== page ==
Seattle, Washington, October 3, 2012 -When local hip-hop duo Brothers From Another write their lyrics, they almost always reference something about Seattle.
Rainier Beer, Dick’s Drive-In and Mad Pizza have been named-dropped in their lyrics before, but their most recent ode to Molly Moon’s Homemade Ice Cream has brought on a new relationship between the musicians and local business, which has helped create a Seattle summer anthem.
Twenty-something’s Cole Deleon Jones and Isaiah Sneed, from South Seattle and the Central District respectively, say they didn’t mean for the song titled “Molly Moon’s,” to be commercial. They just rap about the things they know.
“We don’t do that much cool stuff,” Jones says, as he laughs and takes a bite of Molly Moon’s seasonal pear sorbet. “I think from our music people can get the idea that we’re not healthy. A lot of pizza, a lot of cheap beer, a lot of ice cream – we need to collaborate with Whole Foods next.”
Reluctantly, they both admit the song developed through past dates at the Capitol Hill shop.
“It was actually my ex-girlfriend who brought me to Molly Moon’s first,” Sneed says. “I was honestly like look; I don’t want to pay $10 on ice cream. I’m going to buy you a cone… I have to buy myself a cone, it’s like 10 bucks. But then we went and I loved it, and I always wanted to go here after that.”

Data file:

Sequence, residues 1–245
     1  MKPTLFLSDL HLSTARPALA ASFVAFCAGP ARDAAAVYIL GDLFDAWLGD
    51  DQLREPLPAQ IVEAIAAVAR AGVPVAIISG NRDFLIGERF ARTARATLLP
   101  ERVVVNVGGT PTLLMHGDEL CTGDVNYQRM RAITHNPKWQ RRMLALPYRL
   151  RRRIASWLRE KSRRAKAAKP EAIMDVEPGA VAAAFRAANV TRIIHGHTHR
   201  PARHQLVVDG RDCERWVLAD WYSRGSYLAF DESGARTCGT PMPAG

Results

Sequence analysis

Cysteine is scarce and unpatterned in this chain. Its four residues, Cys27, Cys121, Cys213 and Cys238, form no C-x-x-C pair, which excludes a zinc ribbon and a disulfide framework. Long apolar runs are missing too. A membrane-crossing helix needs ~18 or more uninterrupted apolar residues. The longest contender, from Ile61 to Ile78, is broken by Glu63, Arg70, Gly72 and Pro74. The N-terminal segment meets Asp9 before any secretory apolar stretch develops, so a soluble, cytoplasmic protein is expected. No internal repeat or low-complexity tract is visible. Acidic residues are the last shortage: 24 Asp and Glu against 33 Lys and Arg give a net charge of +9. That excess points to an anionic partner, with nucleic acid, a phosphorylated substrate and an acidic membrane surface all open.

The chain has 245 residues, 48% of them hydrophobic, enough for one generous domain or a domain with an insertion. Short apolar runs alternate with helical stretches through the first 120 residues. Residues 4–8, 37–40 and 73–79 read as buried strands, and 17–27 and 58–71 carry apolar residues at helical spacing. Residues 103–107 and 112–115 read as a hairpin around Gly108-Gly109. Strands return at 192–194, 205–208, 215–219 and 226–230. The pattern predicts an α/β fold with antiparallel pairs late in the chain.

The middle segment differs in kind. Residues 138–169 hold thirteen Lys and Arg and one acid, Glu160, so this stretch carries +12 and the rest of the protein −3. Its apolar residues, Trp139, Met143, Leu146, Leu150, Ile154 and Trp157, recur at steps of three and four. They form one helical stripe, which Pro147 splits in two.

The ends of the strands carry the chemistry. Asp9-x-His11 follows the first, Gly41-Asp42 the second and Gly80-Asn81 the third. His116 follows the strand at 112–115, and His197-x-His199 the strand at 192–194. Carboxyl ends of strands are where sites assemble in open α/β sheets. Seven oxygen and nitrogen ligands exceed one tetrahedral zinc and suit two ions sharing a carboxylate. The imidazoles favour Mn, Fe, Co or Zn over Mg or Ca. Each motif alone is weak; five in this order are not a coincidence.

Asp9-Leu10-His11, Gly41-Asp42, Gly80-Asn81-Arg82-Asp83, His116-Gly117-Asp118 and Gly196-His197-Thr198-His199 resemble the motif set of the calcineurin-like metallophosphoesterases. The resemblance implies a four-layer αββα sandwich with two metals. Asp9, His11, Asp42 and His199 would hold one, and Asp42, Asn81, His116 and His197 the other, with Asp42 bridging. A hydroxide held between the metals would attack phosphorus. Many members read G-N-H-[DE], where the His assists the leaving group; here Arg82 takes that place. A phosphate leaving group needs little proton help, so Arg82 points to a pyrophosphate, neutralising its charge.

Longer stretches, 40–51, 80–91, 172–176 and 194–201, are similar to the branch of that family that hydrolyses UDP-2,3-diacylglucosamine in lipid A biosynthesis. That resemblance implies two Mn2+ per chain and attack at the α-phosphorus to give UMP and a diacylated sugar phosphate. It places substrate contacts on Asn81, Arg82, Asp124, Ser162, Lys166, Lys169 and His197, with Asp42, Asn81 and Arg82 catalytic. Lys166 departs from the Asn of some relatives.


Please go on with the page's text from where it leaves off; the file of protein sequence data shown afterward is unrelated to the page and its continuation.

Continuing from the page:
Just like the cliché of soothing heartbreaks through pints of ice cream, the duo used their experiences to produce the upbeat, catchy, wholesome summer song that immediately caught shop owner Molly Moon Neitzel’s attention.
“When Cole emailed me the song he said, ‘This is just basically about how there’s nothing better than taking a nice girl to a Molly Moon’s shop on a hot Seattle summer day,’” Neitzel says. “It just made me think about how this is why I started Molly Moon’s – to be a community gathering place and a place where people want to take someone they love, or have a crush on or care about.”
Neitzel says she and everyone in her office started jumping up and down when they first listened to the song, which also features Thig Nat of The Physics and Geo from the Blue Scholars. She immediately emailed Jones back, eventually offering to help fund some of the video, and gave BFA access to the shop, ice cream truck and even Parker, the English Bulldog who graces the shop’s sign, during production.
“It was a great opportunity for me to support artists who I am impressed with,” says Neitzel, who holds the music industry close to her heart, after previously running the nonprofit, Music for America, and being married to a former record producer.
BFA says it was Neitzel’s support that helped make “Molly Moon’s,” the most fun project they’ve done.
“We felt like real rappers,” Jones says. “Well, maybe not rappers. This has kind of taken away from our street cred.”